Journal of Labor Research
Volume 32 Number 3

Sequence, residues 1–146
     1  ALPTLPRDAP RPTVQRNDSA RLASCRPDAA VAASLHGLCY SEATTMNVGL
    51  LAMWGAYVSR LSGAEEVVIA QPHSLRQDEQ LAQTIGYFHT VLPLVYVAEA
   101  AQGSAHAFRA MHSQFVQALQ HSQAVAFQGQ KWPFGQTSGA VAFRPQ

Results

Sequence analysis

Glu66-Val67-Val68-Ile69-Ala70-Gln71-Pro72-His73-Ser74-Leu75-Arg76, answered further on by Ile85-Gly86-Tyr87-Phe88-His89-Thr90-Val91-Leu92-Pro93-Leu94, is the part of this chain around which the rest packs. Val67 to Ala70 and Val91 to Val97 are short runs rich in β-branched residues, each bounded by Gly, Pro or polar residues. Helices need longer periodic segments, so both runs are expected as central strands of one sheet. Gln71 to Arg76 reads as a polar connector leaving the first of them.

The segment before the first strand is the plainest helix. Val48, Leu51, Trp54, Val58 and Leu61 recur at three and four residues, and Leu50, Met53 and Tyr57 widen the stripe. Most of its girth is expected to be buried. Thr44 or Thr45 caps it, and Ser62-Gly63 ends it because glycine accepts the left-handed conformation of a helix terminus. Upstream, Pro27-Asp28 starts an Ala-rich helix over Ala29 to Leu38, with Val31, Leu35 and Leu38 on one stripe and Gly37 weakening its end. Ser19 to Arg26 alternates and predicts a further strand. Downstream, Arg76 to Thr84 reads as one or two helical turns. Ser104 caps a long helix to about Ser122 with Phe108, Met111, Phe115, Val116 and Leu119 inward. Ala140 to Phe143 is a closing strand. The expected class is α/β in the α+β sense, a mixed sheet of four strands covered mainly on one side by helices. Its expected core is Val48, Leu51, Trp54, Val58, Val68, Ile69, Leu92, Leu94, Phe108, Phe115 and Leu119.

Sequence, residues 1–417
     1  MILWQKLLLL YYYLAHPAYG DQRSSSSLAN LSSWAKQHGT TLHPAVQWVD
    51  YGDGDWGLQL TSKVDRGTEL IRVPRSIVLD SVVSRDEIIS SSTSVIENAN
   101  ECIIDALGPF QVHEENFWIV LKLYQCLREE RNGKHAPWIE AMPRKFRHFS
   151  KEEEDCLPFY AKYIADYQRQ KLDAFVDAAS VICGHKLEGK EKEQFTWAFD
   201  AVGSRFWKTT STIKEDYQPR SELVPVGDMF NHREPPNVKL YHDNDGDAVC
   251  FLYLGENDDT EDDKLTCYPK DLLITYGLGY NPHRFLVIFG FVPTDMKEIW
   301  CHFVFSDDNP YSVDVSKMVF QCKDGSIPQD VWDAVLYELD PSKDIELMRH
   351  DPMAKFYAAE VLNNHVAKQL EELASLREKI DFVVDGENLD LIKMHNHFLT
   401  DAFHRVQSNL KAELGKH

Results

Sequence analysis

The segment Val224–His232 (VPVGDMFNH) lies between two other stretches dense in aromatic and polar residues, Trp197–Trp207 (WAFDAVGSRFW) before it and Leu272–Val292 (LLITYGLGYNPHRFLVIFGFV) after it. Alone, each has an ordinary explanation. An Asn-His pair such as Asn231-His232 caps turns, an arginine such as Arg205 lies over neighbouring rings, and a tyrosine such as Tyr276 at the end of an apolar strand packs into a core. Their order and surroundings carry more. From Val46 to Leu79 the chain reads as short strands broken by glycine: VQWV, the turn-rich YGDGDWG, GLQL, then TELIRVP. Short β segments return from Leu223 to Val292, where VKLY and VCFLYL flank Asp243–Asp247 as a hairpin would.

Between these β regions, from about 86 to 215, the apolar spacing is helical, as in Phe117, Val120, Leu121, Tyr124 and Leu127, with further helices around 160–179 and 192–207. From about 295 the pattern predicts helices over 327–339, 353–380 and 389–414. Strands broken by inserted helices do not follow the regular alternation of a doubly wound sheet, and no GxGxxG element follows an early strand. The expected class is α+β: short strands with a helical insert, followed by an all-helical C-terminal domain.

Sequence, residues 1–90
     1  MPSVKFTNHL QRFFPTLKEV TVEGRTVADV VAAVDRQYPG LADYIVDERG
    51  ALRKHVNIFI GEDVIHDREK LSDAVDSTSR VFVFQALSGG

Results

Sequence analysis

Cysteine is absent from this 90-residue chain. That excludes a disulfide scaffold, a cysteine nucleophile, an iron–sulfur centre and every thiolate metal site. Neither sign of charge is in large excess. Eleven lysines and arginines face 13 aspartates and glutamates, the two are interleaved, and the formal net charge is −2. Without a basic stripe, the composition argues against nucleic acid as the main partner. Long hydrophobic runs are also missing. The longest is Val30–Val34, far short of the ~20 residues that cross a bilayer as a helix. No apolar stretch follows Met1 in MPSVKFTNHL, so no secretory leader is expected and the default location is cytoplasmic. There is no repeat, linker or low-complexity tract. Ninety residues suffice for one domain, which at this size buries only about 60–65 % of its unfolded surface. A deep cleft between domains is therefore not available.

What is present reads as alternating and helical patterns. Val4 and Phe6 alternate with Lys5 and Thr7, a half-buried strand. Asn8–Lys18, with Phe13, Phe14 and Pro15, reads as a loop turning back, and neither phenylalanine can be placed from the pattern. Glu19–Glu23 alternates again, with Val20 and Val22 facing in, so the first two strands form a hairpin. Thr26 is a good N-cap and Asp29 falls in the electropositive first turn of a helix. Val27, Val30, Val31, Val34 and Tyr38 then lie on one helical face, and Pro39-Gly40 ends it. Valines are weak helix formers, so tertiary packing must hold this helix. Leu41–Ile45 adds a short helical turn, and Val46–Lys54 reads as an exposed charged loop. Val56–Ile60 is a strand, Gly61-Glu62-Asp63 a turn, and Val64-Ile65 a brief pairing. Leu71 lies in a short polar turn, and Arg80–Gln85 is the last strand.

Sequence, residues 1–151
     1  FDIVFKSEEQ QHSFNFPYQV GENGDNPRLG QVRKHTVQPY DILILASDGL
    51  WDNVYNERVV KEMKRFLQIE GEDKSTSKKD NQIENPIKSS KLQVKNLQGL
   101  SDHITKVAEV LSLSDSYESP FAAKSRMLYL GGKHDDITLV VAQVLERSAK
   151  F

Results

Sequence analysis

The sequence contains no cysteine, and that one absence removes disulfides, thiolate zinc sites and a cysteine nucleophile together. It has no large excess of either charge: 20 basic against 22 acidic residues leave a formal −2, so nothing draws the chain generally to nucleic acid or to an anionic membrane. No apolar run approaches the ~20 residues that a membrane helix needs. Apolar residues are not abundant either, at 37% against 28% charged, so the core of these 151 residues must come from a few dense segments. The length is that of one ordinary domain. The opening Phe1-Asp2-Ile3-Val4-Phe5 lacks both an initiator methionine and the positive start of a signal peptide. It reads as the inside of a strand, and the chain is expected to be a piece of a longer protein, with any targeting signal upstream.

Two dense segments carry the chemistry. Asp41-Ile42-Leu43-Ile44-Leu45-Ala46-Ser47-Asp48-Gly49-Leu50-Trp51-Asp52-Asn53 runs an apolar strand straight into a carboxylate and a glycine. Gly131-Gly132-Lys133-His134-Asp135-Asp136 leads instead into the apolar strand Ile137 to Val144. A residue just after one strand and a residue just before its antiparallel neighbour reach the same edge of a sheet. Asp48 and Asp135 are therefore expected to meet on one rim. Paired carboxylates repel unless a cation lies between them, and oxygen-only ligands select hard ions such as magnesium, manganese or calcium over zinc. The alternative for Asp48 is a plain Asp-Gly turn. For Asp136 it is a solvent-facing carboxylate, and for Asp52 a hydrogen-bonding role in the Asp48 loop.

This study examines the extent to which high school students respond to education and labor market incentives when making decisions about homework. Student and state fixed effects estimators are used to control for unobserved individual and geographic heterogeneity and selection. I find that students’ choices about homework respond to unemployment rates and changes in the minimum wage, but not to changes in the price of higher education. These responses are not constant throughout the population: female students, low income students, and low achieving students in particular increase their homework time in response to a higher minimum wage, while male students are more responsive to changes in the unemployment rate.